In August 2013, Michigan resident Aimee Stephens, an employee at the R.G. & G.R. Harris Funeral Homes group in southeast Michigan, was fired shortly after sending a letter to her employer explaining she would be transitioning. Stephens’ letter said she planned to return to work after taking time off to undergo gender reassignment surgery and would be dressing in female attire.

In June 2020, the U.S. Supreme Court ruled in Stephens’ case that Title VII of the Civil Rights Act of 1964 protects transgender people from employment discrimination.

LSA senior Olivia Ngo, executive board member of the University’s chapter of HeForShe, a student organization dedicated to gender equality, told The Daily in an email that the organization supports the amendment to the Elliott-Larsen Civil Rights Act because it would prevent people from being fired in situations similar to Stephens’. 

“Aimee Stephens was a Michigan citizen and should never have been fired — a law like this earlier would have helped her,” Ngo wrote. “Nobody should face discrimination for being LGTBQ+.”

Stewart said including both sexual orientation as well as gender identity and expression as protected classes is critical for Michigan’s LGBTQ+ community.

“Codifying protections for sexual orientation and gender identity/expression is long, long overdue,” Stewart wrote. “Members of the Michigan House Democrats have been pushing to include these specific protections in the Elliott-Larsen Civil Rights Act for years.”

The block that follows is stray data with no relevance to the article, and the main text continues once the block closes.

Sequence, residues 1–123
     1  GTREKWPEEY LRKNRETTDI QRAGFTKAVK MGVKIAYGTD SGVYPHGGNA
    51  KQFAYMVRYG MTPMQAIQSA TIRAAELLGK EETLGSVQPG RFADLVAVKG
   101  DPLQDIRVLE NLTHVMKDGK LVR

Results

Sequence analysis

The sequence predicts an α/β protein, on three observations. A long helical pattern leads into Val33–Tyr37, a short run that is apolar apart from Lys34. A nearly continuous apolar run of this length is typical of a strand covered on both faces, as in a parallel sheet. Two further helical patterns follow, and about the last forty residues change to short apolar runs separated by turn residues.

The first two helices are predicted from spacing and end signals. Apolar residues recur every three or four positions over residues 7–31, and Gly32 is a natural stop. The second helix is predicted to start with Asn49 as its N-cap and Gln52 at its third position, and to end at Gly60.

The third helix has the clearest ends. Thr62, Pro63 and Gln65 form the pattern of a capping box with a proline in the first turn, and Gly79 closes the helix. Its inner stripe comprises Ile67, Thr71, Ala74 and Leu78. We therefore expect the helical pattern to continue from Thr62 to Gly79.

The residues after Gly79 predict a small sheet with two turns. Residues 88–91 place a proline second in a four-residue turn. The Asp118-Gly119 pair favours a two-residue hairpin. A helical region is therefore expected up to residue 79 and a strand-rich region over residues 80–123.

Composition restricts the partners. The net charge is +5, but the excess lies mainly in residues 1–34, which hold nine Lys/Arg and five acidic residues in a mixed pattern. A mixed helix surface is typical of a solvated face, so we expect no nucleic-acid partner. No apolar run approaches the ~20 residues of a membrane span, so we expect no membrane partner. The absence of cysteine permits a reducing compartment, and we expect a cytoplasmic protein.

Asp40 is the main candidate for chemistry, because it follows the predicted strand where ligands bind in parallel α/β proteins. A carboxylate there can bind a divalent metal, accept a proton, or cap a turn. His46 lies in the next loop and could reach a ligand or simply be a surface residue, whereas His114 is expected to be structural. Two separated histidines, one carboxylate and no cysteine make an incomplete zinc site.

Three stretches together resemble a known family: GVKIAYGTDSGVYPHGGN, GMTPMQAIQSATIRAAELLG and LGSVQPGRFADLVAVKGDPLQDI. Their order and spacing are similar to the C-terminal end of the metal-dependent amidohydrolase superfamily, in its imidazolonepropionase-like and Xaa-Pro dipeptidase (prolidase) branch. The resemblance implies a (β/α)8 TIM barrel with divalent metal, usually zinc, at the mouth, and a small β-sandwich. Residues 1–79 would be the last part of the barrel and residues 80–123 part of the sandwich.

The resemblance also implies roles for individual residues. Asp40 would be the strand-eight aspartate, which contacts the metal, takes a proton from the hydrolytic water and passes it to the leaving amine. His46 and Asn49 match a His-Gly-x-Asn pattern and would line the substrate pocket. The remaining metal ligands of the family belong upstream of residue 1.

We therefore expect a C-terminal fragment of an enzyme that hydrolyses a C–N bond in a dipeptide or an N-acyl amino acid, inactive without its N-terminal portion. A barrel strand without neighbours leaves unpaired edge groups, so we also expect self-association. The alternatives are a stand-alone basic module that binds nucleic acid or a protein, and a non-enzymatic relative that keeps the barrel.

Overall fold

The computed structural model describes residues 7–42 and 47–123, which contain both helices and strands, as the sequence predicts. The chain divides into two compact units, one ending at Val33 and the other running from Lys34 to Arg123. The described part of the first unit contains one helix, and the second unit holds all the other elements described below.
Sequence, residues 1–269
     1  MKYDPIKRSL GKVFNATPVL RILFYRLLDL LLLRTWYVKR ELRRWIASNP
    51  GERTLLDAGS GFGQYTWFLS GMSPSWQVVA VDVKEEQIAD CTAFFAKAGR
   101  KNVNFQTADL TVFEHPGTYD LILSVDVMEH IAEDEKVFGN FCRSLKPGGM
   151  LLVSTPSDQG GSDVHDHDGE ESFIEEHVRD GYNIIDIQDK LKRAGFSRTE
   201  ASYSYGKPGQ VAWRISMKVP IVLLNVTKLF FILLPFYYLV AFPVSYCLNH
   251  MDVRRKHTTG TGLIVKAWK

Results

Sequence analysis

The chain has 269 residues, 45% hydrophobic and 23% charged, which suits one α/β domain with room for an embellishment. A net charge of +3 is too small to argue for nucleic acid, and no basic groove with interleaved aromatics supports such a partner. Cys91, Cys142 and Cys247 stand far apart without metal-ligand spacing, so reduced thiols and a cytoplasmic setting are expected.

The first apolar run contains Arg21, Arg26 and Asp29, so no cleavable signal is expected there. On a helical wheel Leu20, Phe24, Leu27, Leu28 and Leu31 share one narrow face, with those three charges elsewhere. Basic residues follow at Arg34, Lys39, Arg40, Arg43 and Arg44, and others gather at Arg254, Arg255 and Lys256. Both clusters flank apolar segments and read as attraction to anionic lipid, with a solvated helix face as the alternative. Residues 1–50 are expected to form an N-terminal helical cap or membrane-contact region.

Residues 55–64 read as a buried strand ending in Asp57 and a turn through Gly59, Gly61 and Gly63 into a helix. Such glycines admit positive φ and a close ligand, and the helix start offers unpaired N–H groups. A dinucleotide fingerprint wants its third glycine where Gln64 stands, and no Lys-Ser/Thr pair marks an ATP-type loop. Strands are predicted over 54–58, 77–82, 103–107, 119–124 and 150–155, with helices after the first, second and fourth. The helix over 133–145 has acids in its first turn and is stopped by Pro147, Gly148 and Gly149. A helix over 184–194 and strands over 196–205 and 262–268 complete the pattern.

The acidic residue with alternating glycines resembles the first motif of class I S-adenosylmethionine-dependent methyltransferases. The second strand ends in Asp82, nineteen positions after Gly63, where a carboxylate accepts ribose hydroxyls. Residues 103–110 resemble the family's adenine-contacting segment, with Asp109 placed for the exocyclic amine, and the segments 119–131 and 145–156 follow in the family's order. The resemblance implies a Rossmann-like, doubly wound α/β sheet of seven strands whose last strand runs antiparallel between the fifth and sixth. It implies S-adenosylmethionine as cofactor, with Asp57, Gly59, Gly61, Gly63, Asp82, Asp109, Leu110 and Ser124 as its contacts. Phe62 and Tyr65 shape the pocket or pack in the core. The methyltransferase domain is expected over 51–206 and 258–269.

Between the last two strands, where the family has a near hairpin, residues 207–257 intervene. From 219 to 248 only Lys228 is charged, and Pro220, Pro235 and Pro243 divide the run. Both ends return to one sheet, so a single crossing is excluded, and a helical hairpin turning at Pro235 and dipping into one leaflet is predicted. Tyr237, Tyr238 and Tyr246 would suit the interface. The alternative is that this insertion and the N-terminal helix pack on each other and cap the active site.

Despite supporting the passage of the bill, Stewart said the definitions of sexual orientation in the bill aren’t comprehensive enough. The legislation defines sexual orientation as “having an orientation for heterosexuality, homosexuality, or bisexuality or having a history of such an orientation or being identified with such an orientation.”

“We would also be remiss to ignore how rigid the categorical definition of sexual orientation is — the spectrum of sexual orientation is wide and varied,” Stewart wrote.

Recognition of June 2021 as Pride Month

In early June 2021, the Michigan legislature adopted a resolution to recognize June 2021 as LGBTQ+ Pride Month.

Ngo said the University’s HeForShe chapter supports the official recognition of June as LGBTQ+ Pride Month because of the U-M community’s history of support for the LGBTQ+ community. 

In March 1970, the U-M chapter of the Gay Liberation Front was established by alumni Jim Toy. The following year, Toy and Cynthia Gair co-founded the Human Sexuality Office, later named the Lesbian-Gay Male Programs Office. This office is currently named the Spectrum Center and was one of the first LGBTQ+ student centers ever established in the United States.

“This is a positive step towards amplifying LGBTQ+ voices in Michigan,” Ngo wrote.

Stewart said Outlaws is celebrating the resolution, which marks the first time in Michigan history that both chambers of the state legislature formally recognized June as Pride Month.

“We sincerely hope that legislative leaders will continue to recognize the importance and basic civil rights of the state’s LGBTQ+ community by finally extending protections for sexual orientation and gender identity or expression,” Stewart wrote.

Daily Staff Reporter Scarlett Bickerton can be reached at